Background Thyroid hormones control and up-regulate the synthesis of many plasma proteins. Objective To explore possible associations between thyroid hormone and complement levels in patients with hereditary angioedema resulting from the deficiency of the C1-inhibitor (C1-INH-HAE). Methods In this case-control study, serum thyrotropin, free triiodothyronine (FT3), and free thyroxine (FT4) levels, anti–thyroid peroxidase and antithyroglobulin antibody titers, and C1-INH concentrations were measured in 117 euthyroid patients with C1-INH-HAE and compared with their clinical properties. The control group comprised 150 healthy, age- and sex-matched, euthyroid individuals. Results The thyrotropin and antithyroglobulin levels were similar between the patients and the controls. Significantly lower FT3 (P < .001) and FT4 (P = .002) levels, as well as higher anti–thyroid peroxidase titers (P < .001), were seen in the patients with C1-INH-HAE. The proportion of patients with reduced C1-INH activity was greater among those with below-median FT4 levels than among those with above-median values (P = .02). Patients who experienced more edematous attacks per year had lower FT4 levels (within the normal range) than those afflicted by fewer episodes (P = .01). The FT3 and FT4 levels were significantly higher in patients undergoing long-term danazol therapy than in those who did not receive this drug (P = .01 and P = .02, respectively). The proportion of patients with FT4 levels in the below-median range was higher in the subset with increased D-dimer concentration (P = .009). Conclusion Minor variations of the thyroid hormone levels (within the reference range) can influence the function of C1-INH in C1-INH-HAE. Our findings suggest a role for the endocrine system in the pathophysiology of C1-INH-HAE.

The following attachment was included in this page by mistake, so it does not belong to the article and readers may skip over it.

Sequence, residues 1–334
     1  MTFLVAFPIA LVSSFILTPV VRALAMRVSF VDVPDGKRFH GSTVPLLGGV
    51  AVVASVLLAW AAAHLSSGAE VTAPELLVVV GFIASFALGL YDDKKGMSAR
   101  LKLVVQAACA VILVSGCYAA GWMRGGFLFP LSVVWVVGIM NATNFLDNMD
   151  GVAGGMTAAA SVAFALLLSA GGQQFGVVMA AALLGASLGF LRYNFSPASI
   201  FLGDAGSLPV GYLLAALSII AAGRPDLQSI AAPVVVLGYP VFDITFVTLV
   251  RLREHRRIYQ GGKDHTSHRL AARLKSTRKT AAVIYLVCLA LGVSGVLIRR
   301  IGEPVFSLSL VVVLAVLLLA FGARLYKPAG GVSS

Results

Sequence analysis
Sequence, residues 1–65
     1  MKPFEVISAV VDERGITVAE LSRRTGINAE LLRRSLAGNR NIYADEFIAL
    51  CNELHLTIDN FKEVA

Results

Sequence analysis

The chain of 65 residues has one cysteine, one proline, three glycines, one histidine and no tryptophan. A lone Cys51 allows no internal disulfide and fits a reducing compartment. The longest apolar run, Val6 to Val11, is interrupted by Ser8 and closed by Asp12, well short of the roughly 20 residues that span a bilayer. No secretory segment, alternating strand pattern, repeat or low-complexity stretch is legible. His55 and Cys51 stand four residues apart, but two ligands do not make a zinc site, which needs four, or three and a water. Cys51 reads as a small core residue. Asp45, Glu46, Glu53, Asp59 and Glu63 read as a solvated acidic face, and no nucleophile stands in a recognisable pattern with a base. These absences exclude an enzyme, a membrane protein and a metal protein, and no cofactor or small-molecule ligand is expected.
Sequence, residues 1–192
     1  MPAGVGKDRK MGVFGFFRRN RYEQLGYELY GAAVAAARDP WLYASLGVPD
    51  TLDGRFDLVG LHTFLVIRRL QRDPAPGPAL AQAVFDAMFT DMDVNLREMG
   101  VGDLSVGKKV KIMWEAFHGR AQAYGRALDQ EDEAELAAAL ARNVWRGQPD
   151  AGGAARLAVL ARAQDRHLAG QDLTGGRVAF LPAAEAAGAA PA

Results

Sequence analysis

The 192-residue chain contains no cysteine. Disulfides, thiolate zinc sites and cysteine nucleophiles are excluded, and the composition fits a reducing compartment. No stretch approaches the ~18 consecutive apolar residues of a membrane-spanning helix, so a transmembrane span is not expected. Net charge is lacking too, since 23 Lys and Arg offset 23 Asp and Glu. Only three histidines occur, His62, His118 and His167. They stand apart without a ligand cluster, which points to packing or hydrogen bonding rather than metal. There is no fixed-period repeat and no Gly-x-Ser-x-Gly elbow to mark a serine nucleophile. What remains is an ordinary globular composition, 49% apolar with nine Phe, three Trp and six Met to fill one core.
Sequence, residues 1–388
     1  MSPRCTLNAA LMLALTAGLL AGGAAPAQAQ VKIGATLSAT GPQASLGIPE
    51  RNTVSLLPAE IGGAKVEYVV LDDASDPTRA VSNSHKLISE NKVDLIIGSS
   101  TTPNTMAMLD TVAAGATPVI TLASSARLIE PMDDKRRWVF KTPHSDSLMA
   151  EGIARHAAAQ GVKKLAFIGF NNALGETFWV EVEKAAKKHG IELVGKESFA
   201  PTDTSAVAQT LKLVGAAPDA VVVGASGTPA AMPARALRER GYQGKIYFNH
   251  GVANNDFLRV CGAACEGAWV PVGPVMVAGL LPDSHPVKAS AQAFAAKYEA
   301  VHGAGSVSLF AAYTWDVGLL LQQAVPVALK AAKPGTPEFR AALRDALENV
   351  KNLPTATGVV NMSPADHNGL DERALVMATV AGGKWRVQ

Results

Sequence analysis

ASJC Scopus subject areas
- Immunology and Allergy
- Pulmonary and Respiratory Medicine